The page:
UNITED NATIONS (Reuters) - Chaos in lawless Somalia is helping to transform East Africa into a major crime hub, with widespread trafficking in illegal drugs and other contraband, the U.N. crime and drugs boss said on Tuesday.
In a speech to the U.N. Security Council, the head of the Vienna-based U.N. Office on Drugs and Crime, Antonio Maria Costa, said heroin from eastern Africa appeared to be meeting up with cocaine from western Africa in the Sahara Desert.
“Mainly because of the dramatic situation in Somalia, the region (East Africa) is becoming a free economic zone for all sorts of trafficking drugs, migrants, guns, hazardous waste and natural resources, in addition to having the world’s most dangerous waterways because of piracy,” Costa said.
The top U.N. humanitarian coordinator for Somalia, Mark Bowden, told reporters that there has been a “steady increase in organized crime” in much of Somalia due to the inability of Somalia’s transitional government to enforce the law.
He warned that conditions could get worse in Somalia, which he said was facing a serious aid shortfall next year, partly due to U.S. concerns about handing over aid that could wind up supplying Islamist rebels determined to seize power.
Some 30 tons to 35 tons of heroin from Afghanistan, the world’s top producer of the drug, flow into East Africa each year, Costa said. Some 50 tons to 60 tons of cocaine enter West Africa annually, where Guinea-Bissau is a trafficking hub.
Heroin and cocaine have become “a sort of new currency,” Costa said, with the two substances simply being swapped on the market in the Sahara. He added that the spread of drug trafficking had security implications for Africa.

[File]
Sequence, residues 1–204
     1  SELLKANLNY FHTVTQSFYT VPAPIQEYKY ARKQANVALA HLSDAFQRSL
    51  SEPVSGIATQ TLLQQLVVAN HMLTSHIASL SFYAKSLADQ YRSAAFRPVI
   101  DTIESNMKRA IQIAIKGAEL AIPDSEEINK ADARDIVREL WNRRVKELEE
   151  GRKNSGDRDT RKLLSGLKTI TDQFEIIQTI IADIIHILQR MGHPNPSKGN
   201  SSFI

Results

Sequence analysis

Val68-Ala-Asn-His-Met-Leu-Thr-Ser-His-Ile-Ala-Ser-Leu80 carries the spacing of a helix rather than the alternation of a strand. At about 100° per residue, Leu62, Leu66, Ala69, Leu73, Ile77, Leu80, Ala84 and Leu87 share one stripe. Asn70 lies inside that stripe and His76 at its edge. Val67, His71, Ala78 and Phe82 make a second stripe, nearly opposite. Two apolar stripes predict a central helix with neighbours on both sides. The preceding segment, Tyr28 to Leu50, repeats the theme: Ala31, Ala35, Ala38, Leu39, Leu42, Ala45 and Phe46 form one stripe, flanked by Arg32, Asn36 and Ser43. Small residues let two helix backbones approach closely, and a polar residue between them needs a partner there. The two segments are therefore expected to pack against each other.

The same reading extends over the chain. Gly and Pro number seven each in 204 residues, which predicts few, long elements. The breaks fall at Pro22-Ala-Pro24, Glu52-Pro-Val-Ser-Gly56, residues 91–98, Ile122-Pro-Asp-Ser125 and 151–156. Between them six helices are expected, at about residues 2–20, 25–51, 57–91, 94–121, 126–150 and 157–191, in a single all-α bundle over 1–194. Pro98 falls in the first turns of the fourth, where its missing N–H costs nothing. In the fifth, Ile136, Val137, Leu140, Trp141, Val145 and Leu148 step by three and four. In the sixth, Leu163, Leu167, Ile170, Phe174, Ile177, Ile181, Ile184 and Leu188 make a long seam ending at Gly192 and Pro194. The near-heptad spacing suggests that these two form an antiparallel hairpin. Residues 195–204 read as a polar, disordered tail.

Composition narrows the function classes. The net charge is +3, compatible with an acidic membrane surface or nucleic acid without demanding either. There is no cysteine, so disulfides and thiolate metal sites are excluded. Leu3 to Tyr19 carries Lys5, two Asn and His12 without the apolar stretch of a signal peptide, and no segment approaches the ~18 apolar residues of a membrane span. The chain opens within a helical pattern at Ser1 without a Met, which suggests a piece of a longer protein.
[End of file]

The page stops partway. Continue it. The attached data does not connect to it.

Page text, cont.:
“Drugs not only enrich organized crime,” he said. “Like in the Andeans and in West Asia, terrorists and anti-government forces in the Sahel extract resources from the drug trade to fund their operations, purchase equipment and pay foot-soldiers.”
The Sahel is a belt of Africa extending across the continent just south of the Sahara.
The scale and speed of drug trafficking in Africa is also expanding, Costa said.
“In the past, trade across the Sahara was by caravans,” he said. “Today it is larger in size, faster at delivery, and more high-tech, as evidenced by the debris of a Boeing 727 found on November 2 in the Gao region of Mali — an area affected by insurgency and terrorism.”
The U.N. drugs office has said the plane was transporting as much as 10 tons of cocaine from Venezuela to West Africa.
Costa said it was possible to combat the rise in drug trafficking by stepping up international and regional information-sharing. He called for the creation of a trans-Saharan crime monitoring network to improve information, exchange evidence and track suspicious activity.
The Security Council unanimously adopted a statement voicing concern about the impact of narcotics trade on Africa and the rest of the world and calling for stronger regional and international cooperation in the fight against illegal drugs.